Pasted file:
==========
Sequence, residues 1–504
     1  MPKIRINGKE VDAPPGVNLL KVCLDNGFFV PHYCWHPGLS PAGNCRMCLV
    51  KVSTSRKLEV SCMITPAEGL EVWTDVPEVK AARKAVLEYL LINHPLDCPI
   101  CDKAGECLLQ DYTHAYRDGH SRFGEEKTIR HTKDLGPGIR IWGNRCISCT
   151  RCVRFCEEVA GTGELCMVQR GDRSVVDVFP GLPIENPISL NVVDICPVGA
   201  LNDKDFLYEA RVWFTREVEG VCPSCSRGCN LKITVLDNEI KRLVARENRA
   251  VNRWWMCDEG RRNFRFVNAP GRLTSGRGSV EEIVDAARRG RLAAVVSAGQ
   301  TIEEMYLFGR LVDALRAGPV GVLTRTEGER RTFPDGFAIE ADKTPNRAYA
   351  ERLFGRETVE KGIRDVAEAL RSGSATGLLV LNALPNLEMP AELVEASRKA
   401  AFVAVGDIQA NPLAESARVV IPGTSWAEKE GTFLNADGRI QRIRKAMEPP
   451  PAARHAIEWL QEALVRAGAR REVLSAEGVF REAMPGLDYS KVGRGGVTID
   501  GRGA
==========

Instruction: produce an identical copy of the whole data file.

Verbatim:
Sequence, residues 1–504
     1  MPKIRINGKE VDAPPGVNLL KVCLDNGFFV PHYCWHPGLS PAGNCRMCLV
    51  KVSTSRKLEV SCMITPAEGL EVWTDVPEVK AARKAVLEYL LINHPLDCPI
   101  CDKAGECLLQ DYTHAYRDGH SRFGEEKTIR HTKDLGPGIR IWGNRCISCT
   151  RCVRFCEEVA GTGELCMVQR GDRSVVDVFP GLPIENPISL NVVDICPVGA
   201  LNDKDFLYEA RVWFTREVEG VCPSCSRGCN LKITVLDNEI KRLVARENRA
   251  VNRWWMCDEG RRNFRFVNAP GRLTSGRGSV EEIVDAARRG RLAAVVSAGQ
   301  TIEEMYLFGR LVDALRAGPV GVLTRTEGER RTFPDGFAIE ADKTPNRAYA
   351  ERLFGRETVE KGIRDVAEAL RSGSATGLLV LNALPNLEMP AELVEASRKA
   401  AFVAVGDIQA NPLAESARVV IPGTSWAEKE GTFLNADGRI QRIRKAMEPP
   451  PAARHAIEWL QEALVRAGAR REVLSAEGVF REAMPGLDYS KVGRGGVTID
   501  GRGA